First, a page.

Wearing A Fitness Tracker Might Be Counterproductive To Weight Loss, Study Finds
Overall the participants without fitness trackers lost 13 pounds, while the tech-enhanced group lost 7.7 pounds.
Fitness Trackers Didn't Help People Lose Weight
Fitness trackers remain wildly popular, but do they make us fit? Maybe not, according to a study that asked overweight or obese young adults to use the tiny tracking tools to lose weight. The 470 people in the study were put on a low-calorie diet and asked to exercise more. They all started losing weight. Six months in, half the group members started self-reporting their diet and exercise. The other half were given fitness trackers to monitor their activity. After two years, both groups were equally active. But the people with the fitness trackers lost less weight. (Ross, 9/20)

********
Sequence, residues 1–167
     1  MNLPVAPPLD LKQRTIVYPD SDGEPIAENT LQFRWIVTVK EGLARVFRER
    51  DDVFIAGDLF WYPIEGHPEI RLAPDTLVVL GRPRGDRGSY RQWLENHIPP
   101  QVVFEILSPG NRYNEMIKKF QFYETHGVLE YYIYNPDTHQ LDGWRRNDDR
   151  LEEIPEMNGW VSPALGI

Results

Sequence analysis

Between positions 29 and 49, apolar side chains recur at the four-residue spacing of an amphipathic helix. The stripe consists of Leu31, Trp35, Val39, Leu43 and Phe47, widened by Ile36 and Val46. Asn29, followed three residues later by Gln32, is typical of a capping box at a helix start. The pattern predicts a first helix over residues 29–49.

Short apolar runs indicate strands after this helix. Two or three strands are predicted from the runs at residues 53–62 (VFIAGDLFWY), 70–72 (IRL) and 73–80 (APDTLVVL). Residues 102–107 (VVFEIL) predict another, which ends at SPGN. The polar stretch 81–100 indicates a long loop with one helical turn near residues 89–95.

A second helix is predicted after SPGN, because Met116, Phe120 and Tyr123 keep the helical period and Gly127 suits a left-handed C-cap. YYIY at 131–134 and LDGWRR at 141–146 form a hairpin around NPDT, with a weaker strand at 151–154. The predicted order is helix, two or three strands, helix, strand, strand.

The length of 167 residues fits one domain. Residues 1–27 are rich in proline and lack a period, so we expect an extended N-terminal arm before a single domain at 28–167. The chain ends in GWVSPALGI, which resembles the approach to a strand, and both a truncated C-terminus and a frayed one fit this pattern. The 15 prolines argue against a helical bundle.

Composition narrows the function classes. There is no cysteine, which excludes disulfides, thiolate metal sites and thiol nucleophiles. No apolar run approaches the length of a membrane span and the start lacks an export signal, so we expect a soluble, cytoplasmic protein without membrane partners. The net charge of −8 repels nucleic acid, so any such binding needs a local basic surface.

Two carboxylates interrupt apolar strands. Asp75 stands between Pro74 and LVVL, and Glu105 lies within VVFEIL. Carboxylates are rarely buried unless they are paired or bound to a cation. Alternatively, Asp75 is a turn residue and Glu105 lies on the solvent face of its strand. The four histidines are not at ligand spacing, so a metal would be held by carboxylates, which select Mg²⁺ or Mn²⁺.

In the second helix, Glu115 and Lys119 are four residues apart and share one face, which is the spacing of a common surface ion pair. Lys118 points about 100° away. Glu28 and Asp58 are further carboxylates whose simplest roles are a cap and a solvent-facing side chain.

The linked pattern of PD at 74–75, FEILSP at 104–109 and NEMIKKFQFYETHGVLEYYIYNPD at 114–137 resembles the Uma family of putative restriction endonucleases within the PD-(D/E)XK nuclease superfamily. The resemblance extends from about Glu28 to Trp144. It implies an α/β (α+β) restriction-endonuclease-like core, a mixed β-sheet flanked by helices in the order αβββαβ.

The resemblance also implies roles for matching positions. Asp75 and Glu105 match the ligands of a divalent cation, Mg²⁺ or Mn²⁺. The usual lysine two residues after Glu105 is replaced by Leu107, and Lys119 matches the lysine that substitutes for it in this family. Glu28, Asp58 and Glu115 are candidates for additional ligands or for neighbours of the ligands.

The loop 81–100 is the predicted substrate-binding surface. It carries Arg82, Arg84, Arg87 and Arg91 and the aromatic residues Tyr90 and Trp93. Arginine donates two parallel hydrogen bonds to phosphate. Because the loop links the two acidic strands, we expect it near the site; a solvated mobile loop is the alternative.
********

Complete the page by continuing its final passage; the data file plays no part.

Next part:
The Average Person Is Better Off Without A Fitness Wearable, Weight Loss Study Finds
This year alone, 19 million people are scheduled to buy fitness wearables with a simple mission in mind: Get fit. But these purchases may have zero effect when it comes to weight loss, based on new research from the University of Pittsburgh. This two-year study — the longest of its kind on electronic fitness trackers — shows the average person on a weight loss program can cut more pounds without a workout wearable. (Akpan, 9/20)